The Postelles, Red Palace, Washington DC

The Postelles, Red Palace, Washington DC

A good performance, despite the set being regrettably shortened.

Rating:

New York City band the Postelles finally released their debut album last Tuesday, playing a pair of shows at Mercury Lounge in their hometown. But fans should be and were grateful that they continued the celebration, bringing it to Washington and towns further afield on this album release-themed tour. There was some initial apprehension that this show would not be as good as their two previous headlining gigs in the Nation’s Capital (September 2010 and February 2011), being that DC is a very diverse, vibrant town when university is in session and in mid June, spring semester is over and most kids go home. But they needn’t have worried; the mix of the curious, dedicated fans and some drunk coeds makes for an interesting audience to be in. They put on a good performance, despite the set being regrettably shortened by a venue-imposed curfew.

Their set begin with ‘Stella’, a misleadingly simple song with almost nursery rhyme lyrics (example: ‘if you mockingbird don’t sing / can you still love it for its wings?’). It’s a great example of how this band can take what seems like a straightforward love and twist it into something more interesting and indeed more exciting, complete with shouted backing lyrics (‘Stella, you’re on your own! / Stella, you’re on your own!’). ‘White Night’, most people’s first taste of the band when it was offered as a free download and released as the title track of their debut EP last year, receives an expected rousing reaction. So does EP track ‘Sleep on the Dance Floor’, jangly guitars and thudding drums all the way. Also peppered into the band’s set are two covers: Postelles’ renditions of Wreckless Eric’s ‘(I’d Go the) Whole Wide World’ and the Rivieras’ ’60s summer hit, ‘California Sun’.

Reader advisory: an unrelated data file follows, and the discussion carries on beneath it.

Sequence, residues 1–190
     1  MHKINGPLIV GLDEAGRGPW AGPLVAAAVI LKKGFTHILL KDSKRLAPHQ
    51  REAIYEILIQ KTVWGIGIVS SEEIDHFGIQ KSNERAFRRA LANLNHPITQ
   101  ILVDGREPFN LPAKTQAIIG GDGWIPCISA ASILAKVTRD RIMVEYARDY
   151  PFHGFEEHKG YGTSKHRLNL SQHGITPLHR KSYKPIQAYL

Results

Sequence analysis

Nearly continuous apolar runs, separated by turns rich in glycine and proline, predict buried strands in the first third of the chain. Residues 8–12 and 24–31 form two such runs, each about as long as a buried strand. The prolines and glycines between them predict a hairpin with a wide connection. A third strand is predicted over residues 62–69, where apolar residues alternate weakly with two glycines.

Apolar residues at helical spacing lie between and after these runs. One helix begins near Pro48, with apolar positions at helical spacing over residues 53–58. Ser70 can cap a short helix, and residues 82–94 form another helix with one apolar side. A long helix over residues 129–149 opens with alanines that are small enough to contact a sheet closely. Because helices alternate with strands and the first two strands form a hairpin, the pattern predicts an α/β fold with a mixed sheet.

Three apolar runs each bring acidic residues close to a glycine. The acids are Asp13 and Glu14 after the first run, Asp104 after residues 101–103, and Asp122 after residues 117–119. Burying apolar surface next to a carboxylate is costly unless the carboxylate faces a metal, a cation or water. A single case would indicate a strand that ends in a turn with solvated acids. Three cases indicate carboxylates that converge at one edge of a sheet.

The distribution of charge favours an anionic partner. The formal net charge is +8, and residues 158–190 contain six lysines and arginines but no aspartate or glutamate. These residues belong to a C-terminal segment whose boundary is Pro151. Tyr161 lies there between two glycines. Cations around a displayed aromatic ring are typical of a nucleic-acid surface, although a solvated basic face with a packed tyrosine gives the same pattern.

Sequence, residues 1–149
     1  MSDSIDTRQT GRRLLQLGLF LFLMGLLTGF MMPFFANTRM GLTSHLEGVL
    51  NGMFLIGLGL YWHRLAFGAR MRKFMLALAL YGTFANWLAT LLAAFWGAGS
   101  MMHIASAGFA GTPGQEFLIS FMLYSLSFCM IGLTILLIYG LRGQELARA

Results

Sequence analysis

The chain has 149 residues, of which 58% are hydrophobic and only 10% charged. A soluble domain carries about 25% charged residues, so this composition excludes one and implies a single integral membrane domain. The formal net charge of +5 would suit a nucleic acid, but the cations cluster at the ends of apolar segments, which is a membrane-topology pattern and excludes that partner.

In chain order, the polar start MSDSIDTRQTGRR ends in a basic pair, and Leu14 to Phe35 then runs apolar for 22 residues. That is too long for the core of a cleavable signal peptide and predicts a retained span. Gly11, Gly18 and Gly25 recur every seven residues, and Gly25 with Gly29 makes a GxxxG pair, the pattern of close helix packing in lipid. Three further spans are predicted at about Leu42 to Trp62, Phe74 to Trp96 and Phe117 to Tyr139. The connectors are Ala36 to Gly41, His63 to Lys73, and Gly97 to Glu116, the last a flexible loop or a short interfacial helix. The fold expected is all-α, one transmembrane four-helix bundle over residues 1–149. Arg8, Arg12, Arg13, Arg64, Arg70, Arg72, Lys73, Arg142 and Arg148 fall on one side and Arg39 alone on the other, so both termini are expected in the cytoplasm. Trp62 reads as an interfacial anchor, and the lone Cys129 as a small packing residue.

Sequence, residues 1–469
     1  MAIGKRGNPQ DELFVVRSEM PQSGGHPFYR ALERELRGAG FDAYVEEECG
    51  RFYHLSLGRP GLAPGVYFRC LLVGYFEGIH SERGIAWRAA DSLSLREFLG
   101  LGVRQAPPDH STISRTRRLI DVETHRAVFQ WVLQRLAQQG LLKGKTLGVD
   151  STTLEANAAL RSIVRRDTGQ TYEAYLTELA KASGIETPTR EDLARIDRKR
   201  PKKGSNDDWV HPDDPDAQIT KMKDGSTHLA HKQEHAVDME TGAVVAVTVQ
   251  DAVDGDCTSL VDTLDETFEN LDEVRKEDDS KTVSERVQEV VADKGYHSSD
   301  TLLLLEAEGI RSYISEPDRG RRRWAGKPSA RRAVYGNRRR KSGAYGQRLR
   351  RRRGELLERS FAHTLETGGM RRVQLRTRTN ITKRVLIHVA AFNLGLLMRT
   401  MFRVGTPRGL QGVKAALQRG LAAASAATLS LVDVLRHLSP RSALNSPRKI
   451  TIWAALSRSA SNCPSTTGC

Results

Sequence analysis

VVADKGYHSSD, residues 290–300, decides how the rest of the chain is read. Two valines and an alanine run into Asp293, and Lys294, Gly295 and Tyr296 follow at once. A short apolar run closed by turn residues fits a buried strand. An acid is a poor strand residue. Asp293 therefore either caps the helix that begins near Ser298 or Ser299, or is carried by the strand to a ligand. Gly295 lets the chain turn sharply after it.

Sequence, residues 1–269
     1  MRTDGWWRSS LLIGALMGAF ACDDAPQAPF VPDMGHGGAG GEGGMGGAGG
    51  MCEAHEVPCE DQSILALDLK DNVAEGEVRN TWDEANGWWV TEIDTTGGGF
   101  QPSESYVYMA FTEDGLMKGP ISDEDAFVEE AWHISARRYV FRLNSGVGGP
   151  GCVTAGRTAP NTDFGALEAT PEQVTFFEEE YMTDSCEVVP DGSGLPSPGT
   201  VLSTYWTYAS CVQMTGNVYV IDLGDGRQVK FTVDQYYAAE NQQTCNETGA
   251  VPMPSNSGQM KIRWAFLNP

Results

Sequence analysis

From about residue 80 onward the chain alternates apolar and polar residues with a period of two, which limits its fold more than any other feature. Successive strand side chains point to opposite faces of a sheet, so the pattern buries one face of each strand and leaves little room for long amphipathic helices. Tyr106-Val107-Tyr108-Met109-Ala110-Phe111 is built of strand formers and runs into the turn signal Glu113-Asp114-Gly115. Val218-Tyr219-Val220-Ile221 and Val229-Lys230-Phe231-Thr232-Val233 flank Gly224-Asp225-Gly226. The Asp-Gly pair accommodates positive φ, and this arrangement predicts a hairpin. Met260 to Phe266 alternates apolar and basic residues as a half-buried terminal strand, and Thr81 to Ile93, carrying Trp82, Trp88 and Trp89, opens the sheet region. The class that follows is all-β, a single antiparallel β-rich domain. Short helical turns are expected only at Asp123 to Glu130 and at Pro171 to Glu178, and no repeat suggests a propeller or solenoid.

So you’re probably wondering how and when these drunk coeds make their presence known. Before the band start into the bass line-propelled ‘Can’t Stand Still’, a gaggle of girls shout at lead singer Daniel Balk, saying how ‘hot’ he is. When he tries to deflect this attention onto his bandmates, commenting on bass player John Speyer’s smart vest, this unsurprisingly lead to shouts of ‘that vest is hot!’ Even drummer Billy Cadden, way in the back of the stage, doesn’t avoid this adoration, as his v-neck also gets props. Have they reached the heights of Beatlemania? Hardly. Still, the shouts of (drunken) love from the audience result in bemusement, and one can only guess that similarly mental scenes in large venues in front of much larger crowds are in the Postelles’ future.

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